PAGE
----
Government warns ‘be vigilant’ after rise in scam calls

People are being urged to stay vigilant of bogus phone calls pretending to be the taxman after a rise in the number of criminals targeting landlines.

Saturday, 2nd March 2019, 10:07 am
Updated Saturday, 2nd March 2019, 10:12 am
HMRC say scam calls to landlines are on the rise
HMRC say scam calls to landlines are on the rise

HM Revenue and Customs are cracking down on fraudsters who cold-call publically available phone numbers to steal money from taxpayers.

Nearly 26 million homes could be at risk from such scams, Ofcom have warned.

Elderly and vulnerable people are often targeted by the fraudsters who pretend to work for HMRC.

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There were more than 60,000 reports of phone scams in six months up to January 2019 - an increase of 360 percent compared to the previous six months.

Mel Stride MP, financial secretary to the Treasury, said: “We have taken major steps to crackdown on text and email phishing scams leaving fraudsters no choice but to try and con taxpayers over the phone.

“If you receive a suspicious call to your landline from someone purporting to be from HMRC which threatens legal action, to put you in jail, or payment using vouchers: hang-up and report it to HMRC who can work to take them off the network.”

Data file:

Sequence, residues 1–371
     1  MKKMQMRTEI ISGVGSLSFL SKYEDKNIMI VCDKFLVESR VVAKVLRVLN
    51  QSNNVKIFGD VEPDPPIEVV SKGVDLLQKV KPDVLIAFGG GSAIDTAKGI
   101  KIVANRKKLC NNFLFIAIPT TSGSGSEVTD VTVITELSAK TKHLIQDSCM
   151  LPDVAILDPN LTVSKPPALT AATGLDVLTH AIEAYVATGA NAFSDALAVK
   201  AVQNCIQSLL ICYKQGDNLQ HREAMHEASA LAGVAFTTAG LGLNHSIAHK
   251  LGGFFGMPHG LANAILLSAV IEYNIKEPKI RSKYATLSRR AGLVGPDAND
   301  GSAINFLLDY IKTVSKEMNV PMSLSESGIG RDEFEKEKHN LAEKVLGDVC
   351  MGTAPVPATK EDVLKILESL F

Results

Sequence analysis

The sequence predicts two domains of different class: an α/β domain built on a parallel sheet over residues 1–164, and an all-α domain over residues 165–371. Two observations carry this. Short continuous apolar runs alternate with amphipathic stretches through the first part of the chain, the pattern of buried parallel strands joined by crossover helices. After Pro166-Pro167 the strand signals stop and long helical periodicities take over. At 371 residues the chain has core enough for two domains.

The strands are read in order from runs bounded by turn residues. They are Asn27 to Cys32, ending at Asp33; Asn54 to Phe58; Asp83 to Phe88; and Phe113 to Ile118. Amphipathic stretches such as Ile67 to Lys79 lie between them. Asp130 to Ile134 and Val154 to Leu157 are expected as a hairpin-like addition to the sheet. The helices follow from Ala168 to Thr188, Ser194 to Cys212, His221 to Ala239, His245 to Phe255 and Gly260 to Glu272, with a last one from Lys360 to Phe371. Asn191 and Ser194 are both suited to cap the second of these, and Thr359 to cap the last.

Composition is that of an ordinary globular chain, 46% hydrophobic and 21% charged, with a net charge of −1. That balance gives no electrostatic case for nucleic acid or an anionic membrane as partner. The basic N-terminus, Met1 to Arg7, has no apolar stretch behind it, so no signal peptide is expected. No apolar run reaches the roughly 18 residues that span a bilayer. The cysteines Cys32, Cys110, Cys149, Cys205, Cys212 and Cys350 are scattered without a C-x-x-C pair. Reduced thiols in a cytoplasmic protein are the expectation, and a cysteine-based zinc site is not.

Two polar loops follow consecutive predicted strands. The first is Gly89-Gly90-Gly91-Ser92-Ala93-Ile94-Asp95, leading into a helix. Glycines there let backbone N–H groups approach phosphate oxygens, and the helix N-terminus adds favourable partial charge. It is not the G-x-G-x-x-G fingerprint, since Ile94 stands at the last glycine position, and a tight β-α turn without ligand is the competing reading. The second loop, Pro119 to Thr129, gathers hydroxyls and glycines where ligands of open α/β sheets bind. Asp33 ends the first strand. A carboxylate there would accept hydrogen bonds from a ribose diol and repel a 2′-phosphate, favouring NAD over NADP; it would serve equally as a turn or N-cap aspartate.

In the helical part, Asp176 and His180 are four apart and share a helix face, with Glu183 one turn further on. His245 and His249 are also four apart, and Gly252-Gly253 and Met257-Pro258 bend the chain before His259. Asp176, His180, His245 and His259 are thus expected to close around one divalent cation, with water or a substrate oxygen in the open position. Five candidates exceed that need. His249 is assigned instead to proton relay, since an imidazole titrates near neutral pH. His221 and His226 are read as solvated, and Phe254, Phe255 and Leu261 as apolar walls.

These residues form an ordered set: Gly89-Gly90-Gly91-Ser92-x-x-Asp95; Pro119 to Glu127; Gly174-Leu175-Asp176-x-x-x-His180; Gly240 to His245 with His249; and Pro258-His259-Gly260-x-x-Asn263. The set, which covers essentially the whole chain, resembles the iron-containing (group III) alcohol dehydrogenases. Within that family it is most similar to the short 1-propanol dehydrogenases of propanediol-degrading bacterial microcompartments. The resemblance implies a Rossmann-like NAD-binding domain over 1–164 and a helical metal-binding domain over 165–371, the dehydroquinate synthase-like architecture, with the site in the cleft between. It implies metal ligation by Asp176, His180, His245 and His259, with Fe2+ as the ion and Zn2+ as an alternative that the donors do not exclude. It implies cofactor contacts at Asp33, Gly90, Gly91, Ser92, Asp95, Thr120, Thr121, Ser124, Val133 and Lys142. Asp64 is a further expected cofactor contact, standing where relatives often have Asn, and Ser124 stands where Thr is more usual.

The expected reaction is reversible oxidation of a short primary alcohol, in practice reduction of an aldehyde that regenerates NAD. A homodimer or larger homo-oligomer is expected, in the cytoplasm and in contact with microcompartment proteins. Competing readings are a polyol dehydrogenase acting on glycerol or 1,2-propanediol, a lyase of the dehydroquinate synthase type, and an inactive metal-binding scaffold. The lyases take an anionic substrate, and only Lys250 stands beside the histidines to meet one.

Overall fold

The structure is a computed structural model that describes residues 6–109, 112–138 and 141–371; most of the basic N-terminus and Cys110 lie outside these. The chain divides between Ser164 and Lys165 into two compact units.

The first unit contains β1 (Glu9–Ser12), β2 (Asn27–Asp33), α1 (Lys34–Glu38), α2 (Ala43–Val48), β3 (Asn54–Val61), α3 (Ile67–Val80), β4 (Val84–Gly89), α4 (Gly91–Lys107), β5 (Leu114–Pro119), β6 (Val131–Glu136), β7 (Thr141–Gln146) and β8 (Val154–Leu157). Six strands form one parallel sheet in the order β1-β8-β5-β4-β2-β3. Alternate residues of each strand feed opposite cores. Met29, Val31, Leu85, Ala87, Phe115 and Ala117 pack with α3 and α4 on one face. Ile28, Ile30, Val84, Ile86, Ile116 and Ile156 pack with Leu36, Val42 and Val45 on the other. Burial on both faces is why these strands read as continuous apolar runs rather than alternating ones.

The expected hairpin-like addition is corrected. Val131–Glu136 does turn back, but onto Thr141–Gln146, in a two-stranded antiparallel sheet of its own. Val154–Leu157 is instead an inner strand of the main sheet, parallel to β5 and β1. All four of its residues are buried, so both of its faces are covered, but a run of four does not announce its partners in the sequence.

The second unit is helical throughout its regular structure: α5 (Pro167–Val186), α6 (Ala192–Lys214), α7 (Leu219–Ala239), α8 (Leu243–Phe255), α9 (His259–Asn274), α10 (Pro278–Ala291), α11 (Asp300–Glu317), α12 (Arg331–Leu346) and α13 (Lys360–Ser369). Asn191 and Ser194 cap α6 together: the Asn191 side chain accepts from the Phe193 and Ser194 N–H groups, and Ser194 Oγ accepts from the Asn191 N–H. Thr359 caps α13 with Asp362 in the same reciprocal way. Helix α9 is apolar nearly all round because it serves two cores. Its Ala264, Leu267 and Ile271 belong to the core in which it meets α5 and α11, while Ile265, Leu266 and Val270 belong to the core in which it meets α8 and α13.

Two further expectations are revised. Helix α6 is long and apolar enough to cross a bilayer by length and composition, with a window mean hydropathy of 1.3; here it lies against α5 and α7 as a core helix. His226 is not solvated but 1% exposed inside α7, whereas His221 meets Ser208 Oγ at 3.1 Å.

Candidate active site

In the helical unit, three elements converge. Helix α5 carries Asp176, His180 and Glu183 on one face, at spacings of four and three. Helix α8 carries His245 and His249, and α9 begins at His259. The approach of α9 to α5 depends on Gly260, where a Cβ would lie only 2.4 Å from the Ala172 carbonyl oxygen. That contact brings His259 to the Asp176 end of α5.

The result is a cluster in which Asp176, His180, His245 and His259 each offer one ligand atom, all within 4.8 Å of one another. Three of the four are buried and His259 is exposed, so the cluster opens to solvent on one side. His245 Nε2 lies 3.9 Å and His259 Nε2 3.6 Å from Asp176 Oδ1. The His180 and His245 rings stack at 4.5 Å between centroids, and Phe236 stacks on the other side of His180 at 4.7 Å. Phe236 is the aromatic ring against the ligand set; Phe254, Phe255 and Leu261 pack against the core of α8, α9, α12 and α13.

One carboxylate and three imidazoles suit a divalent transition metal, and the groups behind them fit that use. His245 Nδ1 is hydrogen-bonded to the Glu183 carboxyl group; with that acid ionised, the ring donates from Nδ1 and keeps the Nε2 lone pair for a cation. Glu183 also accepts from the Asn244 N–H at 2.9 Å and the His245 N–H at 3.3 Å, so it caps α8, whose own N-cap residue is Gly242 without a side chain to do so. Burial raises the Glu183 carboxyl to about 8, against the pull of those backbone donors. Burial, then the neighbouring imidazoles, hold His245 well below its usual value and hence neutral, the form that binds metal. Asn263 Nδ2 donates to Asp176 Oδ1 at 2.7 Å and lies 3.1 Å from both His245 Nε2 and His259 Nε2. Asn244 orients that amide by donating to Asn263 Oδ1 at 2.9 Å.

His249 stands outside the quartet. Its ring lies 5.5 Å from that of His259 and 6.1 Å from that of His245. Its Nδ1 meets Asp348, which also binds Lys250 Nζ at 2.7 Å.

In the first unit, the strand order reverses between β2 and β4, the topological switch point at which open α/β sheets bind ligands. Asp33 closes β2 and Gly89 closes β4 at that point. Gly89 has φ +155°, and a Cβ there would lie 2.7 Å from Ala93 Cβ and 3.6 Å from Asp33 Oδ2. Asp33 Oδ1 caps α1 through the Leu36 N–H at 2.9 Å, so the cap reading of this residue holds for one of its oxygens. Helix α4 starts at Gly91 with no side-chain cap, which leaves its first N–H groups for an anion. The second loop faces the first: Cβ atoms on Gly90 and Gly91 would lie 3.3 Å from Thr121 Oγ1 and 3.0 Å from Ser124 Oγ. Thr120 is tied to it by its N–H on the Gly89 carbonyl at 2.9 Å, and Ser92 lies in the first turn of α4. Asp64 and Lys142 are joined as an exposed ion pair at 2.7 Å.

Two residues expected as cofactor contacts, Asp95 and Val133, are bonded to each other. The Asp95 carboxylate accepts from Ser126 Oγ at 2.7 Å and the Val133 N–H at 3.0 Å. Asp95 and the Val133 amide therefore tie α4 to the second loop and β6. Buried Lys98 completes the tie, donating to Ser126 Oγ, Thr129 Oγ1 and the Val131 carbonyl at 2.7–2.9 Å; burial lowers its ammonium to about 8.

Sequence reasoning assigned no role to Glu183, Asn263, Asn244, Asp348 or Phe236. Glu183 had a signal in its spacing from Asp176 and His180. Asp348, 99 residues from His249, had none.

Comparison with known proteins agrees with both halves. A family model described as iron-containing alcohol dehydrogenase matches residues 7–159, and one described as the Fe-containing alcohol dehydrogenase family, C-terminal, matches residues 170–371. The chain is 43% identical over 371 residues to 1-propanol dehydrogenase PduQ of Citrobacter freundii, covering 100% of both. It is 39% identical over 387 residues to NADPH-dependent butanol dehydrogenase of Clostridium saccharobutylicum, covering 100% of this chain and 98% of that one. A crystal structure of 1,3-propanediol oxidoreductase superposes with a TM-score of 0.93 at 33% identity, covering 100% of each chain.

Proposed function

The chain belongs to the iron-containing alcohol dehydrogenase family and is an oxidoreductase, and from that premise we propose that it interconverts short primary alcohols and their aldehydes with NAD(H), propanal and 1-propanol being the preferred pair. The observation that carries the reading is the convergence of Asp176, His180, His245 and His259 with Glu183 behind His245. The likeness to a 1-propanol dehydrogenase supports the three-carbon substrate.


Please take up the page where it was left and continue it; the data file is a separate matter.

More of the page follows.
Pauline Smith, head of Action Fraud, said: “Fraudsters will call your landline claiming to be from reputable organisations such as HMRC. Contact like this is designed to convince you to hand over valuable personal details or your money.

“Don’t assume anyone who calls you is who they say they are. If a person calls and asks you to make a payment, log in to an online account or offers you a deal, be cautious and seek advice.”

The tax authority will only ever call you asking for payment on a debt that you are already aware of, either having received a letter about it, or after you’ve told us you owe some tax, for example through a Self-Assessment return.

During the last 12 months, HMRC has worked with the phone networks and Ofcom to close nearly 450 lines being used by fraudsters using boiler room tactics to steal money.

If anyone is ever in doubt about who they are speaking to, HMRC advises you end the call and contact the department using one of the numbers or online services available from GOV.UK